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Chinese museums adopt digital collectibles as an alternative to NFTs

Digital collectibles offer new revenue streams and brand awareness possibilities – without NFT restrictions.

Digital collectibles in China, from Artistory and Dunhuang

Since May 2021, more than 30 of China’s top museums have adopted digital collectibles, reports Jing Culture & Commerce.

The total market value of the 4.6 million digital collectibles issued on Chinese platforms in 2021 is estimated to be around 150 million yuan ($22.4 million). Growth could be as high as 150 percent and reach 29.5 billion yuan ($4.6 billion) by 2026.

Digital collectibles versus NFTs

China’s stance on NFTs and cryptocurrency is increasingly negative, with many concerned that crypto could subvert traditional currency. And then there’s the appallingly high environmental cost of mining, which was banned in China last year.

However, this unwelcoming environment hasn’t stopped interest in the technology, and an alternative has been created. The digital collectible – a non-fungible token with a twist. These digital items cannot be traded after purchase, and they cannot be bought with cryptocurrency.

The Chinese government has been considerably more open to digital collectibles, although it still strictly prohibits the purchase of them with speculative intent. Despite this caveat, the market is growing rapidly, with CryptoPotato reporting more than 500 platforms that offer services for digital collectibles in June 2022. This is up from 100 in February 2022.

Even tech giants such as Tencent have started to dabble in the area, with strict caution of course. Digital collectibles are offered on private blockchains, priced in yuan.

The similarity between NFTs and digital collectibles is apparent – but the key difference is the ease with which they can be traded. NFTs are investments, viewed less for the value of the content and more for the value of scarceness, which is what led to the widespread low quality batches of NFTs. Since digital collectibles are only purchased once, they need to be both high in quality and brand authenticity.

These characteristics are proving attractive to museums in China.

Digital collectibles and museums

Poly Art Museum digital collectible Bronze Tiger Head
Poly Art Museum’s bronze tiger head

Post-pandemic, museums worldwide have embraced digital solutions, looking to increase revenue and reach.

Digital collectibles accomplish both of these goals. The digital nature of the products has the potential to connect with both a younger and potentially wider demographic.

Five sets of mural art digital collectibles created by ARTiSTORY with Dunhuang Inspiration UNESCO World Heritage Site had more than 60,000 pre-sale registrations. All 8,000 copies, priced at ¥118 each ($19), sold out immediately after launch. [Proof of stake blockchain was used for the collectibles.]

20,000 units of a bronze tiger head, a 3D model packaged with a narrative piece prepared by Beijing’s Poly Art Museum, sold out near instantly with revenue totaling ¥598,000 ($96,000).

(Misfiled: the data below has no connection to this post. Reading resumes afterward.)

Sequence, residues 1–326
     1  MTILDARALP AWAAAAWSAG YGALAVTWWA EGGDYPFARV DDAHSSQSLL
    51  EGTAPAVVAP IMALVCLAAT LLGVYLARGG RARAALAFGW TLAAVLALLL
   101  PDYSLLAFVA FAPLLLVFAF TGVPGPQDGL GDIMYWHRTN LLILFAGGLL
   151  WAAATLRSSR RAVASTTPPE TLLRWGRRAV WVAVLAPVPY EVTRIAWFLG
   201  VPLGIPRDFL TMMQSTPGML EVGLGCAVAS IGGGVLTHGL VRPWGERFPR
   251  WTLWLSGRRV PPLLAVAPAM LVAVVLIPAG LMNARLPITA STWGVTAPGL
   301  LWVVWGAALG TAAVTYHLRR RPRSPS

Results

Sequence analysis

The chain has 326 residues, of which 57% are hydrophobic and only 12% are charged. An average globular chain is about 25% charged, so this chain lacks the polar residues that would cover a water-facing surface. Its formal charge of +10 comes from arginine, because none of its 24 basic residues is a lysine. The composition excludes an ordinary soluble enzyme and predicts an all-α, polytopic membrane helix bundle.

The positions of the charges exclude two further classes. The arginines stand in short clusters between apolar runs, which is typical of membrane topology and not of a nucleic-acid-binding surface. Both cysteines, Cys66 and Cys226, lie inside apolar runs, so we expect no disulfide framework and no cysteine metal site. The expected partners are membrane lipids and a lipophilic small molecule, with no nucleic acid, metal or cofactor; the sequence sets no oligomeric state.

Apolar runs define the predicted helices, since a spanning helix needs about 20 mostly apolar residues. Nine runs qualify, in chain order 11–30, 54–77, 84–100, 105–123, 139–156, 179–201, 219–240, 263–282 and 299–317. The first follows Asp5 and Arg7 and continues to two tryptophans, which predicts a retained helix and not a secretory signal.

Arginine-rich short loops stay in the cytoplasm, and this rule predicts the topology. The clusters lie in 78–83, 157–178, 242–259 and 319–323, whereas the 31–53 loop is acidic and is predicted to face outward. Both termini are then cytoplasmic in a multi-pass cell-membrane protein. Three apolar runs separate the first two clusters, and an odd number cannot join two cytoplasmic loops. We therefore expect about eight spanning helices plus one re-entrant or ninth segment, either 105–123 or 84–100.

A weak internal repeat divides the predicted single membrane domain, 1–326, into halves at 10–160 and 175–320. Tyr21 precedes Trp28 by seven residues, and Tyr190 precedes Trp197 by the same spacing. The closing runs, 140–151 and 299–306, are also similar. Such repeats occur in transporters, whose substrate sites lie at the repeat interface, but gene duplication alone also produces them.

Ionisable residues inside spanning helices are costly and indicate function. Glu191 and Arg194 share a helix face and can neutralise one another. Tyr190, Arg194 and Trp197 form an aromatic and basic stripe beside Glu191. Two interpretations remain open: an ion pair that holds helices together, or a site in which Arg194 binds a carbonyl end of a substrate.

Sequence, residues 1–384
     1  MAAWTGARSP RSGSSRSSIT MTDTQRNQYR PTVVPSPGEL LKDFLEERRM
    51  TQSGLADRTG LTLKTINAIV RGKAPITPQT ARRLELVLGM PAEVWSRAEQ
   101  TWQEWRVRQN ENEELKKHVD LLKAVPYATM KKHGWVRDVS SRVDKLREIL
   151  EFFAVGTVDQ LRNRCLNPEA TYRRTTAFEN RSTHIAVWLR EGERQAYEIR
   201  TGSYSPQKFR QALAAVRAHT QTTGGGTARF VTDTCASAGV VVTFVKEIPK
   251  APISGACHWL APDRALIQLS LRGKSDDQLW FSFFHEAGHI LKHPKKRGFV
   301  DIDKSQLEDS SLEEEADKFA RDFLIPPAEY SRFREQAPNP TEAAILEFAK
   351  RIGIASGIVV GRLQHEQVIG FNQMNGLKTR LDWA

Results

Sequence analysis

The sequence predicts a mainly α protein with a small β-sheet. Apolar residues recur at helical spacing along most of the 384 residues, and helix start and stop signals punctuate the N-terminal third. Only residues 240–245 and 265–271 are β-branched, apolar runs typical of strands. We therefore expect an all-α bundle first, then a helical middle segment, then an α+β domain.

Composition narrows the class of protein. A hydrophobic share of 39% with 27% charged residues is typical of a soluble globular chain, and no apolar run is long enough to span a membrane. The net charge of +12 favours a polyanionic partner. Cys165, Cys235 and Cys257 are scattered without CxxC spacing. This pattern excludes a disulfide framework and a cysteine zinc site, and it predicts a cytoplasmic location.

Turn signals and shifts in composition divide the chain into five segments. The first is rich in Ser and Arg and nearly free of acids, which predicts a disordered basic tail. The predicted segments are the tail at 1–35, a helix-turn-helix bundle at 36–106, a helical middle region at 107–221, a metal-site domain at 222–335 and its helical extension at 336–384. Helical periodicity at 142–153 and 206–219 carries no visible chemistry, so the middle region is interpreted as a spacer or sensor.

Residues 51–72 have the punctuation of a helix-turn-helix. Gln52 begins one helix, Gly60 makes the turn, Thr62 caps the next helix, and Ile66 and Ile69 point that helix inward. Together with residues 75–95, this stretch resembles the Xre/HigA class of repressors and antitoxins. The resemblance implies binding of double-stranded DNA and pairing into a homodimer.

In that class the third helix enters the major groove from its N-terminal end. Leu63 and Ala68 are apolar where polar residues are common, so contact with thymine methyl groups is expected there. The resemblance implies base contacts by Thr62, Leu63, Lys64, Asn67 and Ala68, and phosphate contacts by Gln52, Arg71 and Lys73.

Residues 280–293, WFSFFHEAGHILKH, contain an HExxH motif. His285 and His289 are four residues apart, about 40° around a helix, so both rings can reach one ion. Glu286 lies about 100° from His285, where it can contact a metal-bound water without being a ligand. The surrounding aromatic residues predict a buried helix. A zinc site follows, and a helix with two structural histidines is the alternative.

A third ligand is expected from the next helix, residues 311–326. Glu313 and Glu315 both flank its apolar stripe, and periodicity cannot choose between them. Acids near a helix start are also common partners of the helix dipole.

Strategies to maximise value

Chinese art toy brand Fatko’s digital and physical collectibles collaboration with Chinese sportswear brand 361 Degrees, attracted 41 million Weibo views
Chinese art toy brand Fatko’s digital and physical collectibles collaboration with Chinese sportswear brand 361 Degrees had 41 million Weibo views

Brands working with digital collectibles have developed strategies to maximise revenue and engagement.

A fundamental aspect of digital collectibles is that they can’t be traded. In fact, it’s best that this is emphasised in the Chinese market. This means that there is a limit to the revenue that can be generated, and so part of the value is in raising brand recognition. Collaborations between brands can be effective.

There have been some collectibles that have merged physical and digital products. The idea is that by giving the customer a physical reward on top of a digital collectible, or vice versa, the buyer is incentivised to come back to that brand again to complete a collection. In essence, leaning into the unique draw of non-tradability attracts an audience obsessed not with monetary value, but the inherent value or rarity of the piece.

As well as Chinese museums venturing into digital collectibles, this could be a space that museums and galleries outside of China might explore to raise brand awareness. The National Gallery has a five year strategy to enter the market, incorporating a Tmall store, interactive pop-ups and a branded cafe.

Lead image: Last year, the Dunhuang Research Institute teamed up with Tencent to release 9,999 limited edition collectibles on the Traveling in Dunhuang WeChat Mini Program. Image: Tencent

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Rachel Reed

Rachel Read

Rachel is Finance Director. She has a degree in engineering from Cambridge University and qualified as a Chartered Accountant at Deloittes in London. She worked in finance in industry for twenty years. She oversees our news and also manages our events.

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